Passed by the City Council on Jan. 16, the Uniform Relocation Ordinance creates a schedule of relocation payments that will increase every year based on consumer price index fluctuations.

The first schedule would require landlords to pay $9,875 to those evicted from three or more bedroom units, $8,000 to renters evicted from two-bedroom units and $6,500 to people evicted from studios or one-bedroom units. Households with low-income, elderly or disabled people or those with minor children would be entitled to an additional payment of $2,500 per unit.

“With uniform relocation, we have an opportunity here to take care of the poor among us who are forced out of their homes and forced to live on the streets,” Oakland Warehouse Coalition’s Jonah Strauss said at the council meeting.

The ordinance would expand on another approved by the council last year, which created the same uniform schedule of relocation payments for landlords who evict tenants under the state’s Ellis Act. The Ellis Act allows landlords to evict tenants if they take their property off the rental market.

Read more from East Bay Times

City Hall considers modular housing factory in SF

Potential project would create new housing for the homeless

On Tuesday, London Breed—in what turned out to be one of her final acts as the acting mayor—announced that the city will develop a plan to create a facility for the construction of prefabricated modular housing somewhere in San Francisco.

The proposal is tentative right now. A recent press release announced that “the city will create a business plan and fund a stakeholder engagement process” for the hypothetical future homes factory.

In the same announcement, Breed referenced both the housing crisis and the city’s chronic homelessness, saying, “It is clear that we need more housing and we need it now” and promising to “build homes in a timely, efficient manner.”

While this stops just short of saying the city plans to start investing more in modular homes as a means of creating new housing for the homeless, it’s still clear that’s the idea.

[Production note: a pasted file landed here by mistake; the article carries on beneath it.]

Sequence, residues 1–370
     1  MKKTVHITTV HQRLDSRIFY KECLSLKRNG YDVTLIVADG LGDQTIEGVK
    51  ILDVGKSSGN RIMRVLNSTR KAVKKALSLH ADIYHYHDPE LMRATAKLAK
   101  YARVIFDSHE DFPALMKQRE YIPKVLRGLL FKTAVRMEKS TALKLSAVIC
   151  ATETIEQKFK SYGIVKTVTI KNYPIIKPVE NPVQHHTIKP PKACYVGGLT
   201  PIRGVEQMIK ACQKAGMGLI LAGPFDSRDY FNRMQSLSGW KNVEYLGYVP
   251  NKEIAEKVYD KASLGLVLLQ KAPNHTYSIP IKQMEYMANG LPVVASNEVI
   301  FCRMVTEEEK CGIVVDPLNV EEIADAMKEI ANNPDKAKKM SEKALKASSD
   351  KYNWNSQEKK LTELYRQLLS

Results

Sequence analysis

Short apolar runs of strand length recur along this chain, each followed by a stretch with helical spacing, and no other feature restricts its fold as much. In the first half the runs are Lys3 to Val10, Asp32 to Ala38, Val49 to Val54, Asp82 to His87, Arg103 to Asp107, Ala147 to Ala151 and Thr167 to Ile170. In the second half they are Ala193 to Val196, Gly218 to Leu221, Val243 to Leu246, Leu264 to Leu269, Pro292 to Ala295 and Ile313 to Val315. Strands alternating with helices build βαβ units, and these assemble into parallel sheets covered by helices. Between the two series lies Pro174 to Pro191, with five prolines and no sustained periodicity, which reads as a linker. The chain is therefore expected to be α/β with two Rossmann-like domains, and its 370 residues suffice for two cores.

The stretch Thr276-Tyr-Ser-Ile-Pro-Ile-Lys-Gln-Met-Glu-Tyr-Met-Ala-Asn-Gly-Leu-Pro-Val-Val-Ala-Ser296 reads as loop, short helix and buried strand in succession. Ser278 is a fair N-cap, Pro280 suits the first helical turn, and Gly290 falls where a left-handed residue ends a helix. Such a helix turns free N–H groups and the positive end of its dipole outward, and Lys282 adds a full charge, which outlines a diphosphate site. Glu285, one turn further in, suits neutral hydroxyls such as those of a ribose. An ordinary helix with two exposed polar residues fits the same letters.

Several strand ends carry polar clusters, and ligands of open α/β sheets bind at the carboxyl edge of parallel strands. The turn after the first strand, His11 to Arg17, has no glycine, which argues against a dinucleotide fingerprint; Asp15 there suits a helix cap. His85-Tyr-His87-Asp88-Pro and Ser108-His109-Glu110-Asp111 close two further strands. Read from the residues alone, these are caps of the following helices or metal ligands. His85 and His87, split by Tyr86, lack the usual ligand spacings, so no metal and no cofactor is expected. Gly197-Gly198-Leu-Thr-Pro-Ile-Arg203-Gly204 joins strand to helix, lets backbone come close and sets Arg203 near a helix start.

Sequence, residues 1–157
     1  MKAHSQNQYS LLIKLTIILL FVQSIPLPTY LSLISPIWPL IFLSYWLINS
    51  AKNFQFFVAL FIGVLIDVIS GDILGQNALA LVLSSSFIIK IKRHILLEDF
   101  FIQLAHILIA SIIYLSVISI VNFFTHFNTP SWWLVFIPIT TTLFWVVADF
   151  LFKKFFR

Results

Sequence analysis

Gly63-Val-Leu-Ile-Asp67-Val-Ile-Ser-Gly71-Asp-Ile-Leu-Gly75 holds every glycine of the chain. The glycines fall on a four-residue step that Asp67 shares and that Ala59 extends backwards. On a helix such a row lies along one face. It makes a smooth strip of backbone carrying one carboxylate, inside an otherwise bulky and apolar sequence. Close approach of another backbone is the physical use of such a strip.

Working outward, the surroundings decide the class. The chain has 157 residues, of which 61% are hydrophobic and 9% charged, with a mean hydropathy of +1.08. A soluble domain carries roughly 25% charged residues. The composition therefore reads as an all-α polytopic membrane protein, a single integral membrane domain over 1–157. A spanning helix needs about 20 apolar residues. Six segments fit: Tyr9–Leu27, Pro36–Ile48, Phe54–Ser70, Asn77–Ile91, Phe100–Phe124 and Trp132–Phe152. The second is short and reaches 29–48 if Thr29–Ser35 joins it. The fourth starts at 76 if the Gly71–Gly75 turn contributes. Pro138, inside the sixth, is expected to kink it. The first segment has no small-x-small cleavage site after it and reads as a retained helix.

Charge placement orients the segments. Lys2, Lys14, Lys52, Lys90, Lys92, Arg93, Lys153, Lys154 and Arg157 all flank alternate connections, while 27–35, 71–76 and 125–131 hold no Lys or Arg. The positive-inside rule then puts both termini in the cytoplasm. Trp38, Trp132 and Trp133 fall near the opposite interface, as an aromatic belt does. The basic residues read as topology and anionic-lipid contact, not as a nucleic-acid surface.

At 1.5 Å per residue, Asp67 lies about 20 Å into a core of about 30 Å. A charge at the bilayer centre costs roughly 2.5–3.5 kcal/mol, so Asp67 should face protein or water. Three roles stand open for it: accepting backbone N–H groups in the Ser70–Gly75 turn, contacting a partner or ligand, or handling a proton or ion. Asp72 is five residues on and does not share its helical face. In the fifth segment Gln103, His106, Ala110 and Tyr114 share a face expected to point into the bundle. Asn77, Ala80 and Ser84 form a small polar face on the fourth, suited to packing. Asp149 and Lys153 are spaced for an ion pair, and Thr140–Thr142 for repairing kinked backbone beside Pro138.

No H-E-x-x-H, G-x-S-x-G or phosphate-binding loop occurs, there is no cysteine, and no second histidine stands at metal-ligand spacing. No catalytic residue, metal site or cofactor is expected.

Read more from Curbed SF

 

Sen. Scott Wiener explains plan for taller, denser housing near transit

New bill would allow mid-rise development at transit hubs

In 2017, Senator Scott Wiener rewrote the rules on housing development for California cities with SB 35, a law that mandates municipalities to build more to keep up with demand or risk temporarily losing control of much of their entitlements process.

Now Wiener is backing another new housing bill and hoping for the same success; SB 827 would all but require that new housing near major transit hubs (as defined by the California Public Resources Code) be mid-rise construction of at least four stories.

In a Medium post published Tuesday, Wiener defended the bill from criticism and laid out what it will and will not do.

Read more from Curbed SF

 

Why Zillow says San Jose is the nation’s hottest housing market in 2018

Driven by quickly rising home prices and a tech job market that continues to draw more workers, the online real estate database Zillow has projected San Jose to be the nation’s hottest housing market in 2018 with San Francisco fifth in its top 10 list.

California, North Carolina and Texas each have two cities in Zillow’s top 10, which is based on a mix of six variables:

  • Its own home value and rent index forecasts for the year,
  • Income growth estimates,
  • Population growth,
  • Unemployment rates,
  • Job openings per person.
Read more from Silicon Valley Business Journal

Bill could add millions of new homes next to California’s public transit stations

California State Senator Scott Wiener proposed a trio of new housing bills on Thursday, including one that would make it easier to build taller projects near public transit.

Wiener (D-San Francisco)’s SB 827 calls for the statewide removal of single-family home and parking requirements for projects within a half-mile of transit hubs like BART, Muni and Caltrain stations.

The bill would mandate height limits of at least 45 feet to 85 feet for new projects, depending on how close they are to transit. Cities would be able to raise height limits beyond those minimums, and developers could also build smaller projects within the areas if they chose.

Read more from San Francisco Business Times

Downtown San Jose blighted blocks may get new life

SAN JOSE — A plan to build several dozen residential units in downtown San Jose is part of wide-ranging efforts to transform some blighted blocks, decaying buildings and vacant lots in the city’s urban heart into a vibrant community.

“Ultimately this is going to be a great, brand-new neighborhood in downtown San Jose,” said Bob Staedler, principal executive with Silicon Valley Synergy, a land-use and planning consultancy. “This area north of San Pedro Square has always been the hole in the doughnut of the downtown.”

Read more from East Bay Times